Set against the sweeping grandeur of the Himalayas and tea plantations of Northern India, the drama tells the rich and explosive story of the decline of the British Empire and the birth of modern India, from both sides of the experience. But at the heart of the story lie the implications and ramifications of the tangled web of passions, rivalries and clashes that define the lives of those brought together in this summer which will change everything. It's the summer of 1932. India dreams of Independence, but the British are clinging to power. In the foothills of the Himalayas stands Simla; a little England where every summer the British power-brokers of this nation are posted to govern during the summer months. —Channel4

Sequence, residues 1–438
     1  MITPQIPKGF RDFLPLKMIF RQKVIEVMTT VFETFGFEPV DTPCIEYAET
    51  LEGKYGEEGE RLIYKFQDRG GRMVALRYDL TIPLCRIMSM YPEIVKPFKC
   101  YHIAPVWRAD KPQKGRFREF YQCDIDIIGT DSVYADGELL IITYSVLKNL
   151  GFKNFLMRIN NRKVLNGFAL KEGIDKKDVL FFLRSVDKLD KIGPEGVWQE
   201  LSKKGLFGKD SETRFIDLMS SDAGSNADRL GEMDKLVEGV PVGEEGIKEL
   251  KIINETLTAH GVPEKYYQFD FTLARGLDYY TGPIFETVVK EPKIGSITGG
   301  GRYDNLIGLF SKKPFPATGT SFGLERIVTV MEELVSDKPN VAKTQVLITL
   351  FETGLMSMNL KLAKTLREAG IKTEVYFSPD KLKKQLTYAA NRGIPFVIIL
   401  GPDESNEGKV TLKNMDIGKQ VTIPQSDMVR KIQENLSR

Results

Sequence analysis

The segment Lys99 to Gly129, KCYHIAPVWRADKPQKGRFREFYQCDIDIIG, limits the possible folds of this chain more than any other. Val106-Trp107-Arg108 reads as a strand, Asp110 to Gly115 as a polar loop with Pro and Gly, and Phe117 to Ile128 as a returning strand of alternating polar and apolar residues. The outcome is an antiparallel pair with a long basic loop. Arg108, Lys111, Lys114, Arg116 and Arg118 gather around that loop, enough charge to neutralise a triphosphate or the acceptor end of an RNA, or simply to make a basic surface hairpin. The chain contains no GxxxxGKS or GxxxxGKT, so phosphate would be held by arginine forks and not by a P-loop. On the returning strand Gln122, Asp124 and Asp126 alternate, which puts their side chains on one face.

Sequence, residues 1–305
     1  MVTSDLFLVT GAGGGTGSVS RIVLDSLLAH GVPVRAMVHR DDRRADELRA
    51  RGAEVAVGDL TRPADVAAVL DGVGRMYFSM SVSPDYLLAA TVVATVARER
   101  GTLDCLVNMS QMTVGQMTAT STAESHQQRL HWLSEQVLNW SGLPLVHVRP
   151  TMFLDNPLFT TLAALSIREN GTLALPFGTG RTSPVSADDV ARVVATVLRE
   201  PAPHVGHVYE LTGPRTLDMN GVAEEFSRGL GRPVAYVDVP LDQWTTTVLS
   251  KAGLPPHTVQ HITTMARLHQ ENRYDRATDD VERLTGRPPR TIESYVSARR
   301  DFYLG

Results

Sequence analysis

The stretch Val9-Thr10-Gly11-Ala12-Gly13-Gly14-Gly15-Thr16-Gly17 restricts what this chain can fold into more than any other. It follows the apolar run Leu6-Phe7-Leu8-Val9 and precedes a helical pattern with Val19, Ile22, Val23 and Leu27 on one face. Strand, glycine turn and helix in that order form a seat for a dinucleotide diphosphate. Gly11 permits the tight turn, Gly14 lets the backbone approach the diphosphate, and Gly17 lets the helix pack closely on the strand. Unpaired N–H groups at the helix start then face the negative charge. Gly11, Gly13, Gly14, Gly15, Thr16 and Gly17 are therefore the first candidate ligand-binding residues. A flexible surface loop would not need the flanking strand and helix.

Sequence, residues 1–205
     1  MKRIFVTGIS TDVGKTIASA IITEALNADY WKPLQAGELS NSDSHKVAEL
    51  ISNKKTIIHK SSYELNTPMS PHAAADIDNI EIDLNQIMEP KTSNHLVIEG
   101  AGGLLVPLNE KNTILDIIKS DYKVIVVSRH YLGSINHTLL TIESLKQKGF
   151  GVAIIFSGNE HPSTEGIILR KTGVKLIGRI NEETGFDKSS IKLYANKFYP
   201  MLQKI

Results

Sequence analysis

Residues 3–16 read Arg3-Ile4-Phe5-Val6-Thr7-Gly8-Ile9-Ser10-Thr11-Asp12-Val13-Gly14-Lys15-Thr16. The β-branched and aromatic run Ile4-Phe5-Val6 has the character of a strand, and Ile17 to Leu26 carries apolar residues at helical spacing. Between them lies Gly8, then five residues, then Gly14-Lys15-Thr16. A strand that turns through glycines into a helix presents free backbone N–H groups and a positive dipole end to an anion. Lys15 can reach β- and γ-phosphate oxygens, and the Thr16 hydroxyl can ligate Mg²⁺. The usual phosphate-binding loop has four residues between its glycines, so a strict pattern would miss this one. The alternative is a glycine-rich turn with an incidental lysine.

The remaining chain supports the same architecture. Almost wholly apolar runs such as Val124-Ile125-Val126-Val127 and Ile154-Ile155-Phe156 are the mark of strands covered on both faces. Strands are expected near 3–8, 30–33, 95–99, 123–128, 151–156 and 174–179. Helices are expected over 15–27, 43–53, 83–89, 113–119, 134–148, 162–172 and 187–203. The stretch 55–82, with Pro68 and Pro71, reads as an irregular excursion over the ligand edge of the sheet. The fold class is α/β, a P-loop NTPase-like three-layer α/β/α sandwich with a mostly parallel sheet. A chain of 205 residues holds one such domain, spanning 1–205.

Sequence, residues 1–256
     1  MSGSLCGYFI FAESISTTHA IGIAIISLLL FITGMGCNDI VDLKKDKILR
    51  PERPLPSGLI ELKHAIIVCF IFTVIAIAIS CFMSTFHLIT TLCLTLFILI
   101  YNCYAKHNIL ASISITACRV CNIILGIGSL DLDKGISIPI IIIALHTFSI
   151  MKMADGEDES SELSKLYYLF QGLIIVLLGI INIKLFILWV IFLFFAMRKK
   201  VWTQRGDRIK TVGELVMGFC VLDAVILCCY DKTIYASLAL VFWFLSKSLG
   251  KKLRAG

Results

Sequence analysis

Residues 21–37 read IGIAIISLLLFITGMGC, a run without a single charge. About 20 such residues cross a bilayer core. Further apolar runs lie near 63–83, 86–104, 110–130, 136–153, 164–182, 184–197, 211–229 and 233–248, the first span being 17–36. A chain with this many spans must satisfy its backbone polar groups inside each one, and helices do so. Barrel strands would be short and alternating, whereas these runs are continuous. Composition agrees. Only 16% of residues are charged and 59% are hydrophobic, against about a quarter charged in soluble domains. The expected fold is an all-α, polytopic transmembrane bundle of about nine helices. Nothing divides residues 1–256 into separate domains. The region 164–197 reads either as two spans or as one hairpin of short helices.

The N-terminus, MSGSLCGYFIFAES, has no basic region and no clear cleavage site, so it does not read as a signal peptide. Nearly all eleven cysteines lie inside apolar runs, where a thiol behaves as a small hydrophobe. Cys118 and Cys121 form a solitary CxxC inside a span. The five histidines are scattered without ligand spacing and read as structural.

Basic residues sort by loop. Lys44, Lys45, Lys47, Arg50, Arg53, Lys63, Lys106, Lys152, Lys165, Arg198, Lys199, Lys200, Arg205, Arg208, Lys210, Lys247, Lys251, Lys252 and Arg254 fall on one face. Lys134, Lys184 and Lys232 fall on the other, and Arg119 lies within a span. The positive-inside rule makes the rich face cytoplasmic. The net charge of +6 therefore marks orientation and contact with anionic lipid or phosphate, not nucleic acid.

Indian Summers - very atmospheric
Having travelled in India, the scenery and the people were very real to me. The fashion of the time seemed authentic. However the plot was a little confusing and I didn't always know what was going on, even though I was trying to concentrate hard. I was a little disappointed in that, as I usually like anything about India, be it drama or documentary. My husband feels the same but we intend to watch again next episode and hope it will not be so hard going as to not be entertaining and a must see drama. We have read that this drama cost £14 million to make and found that one of the women actors mumbled and whispered, so much so that we had to turn the television up higher than usual, but then the more audible voices were too loud. In this day and age and spending £14 million the sound quality could be better.
- Feb 17, 2015
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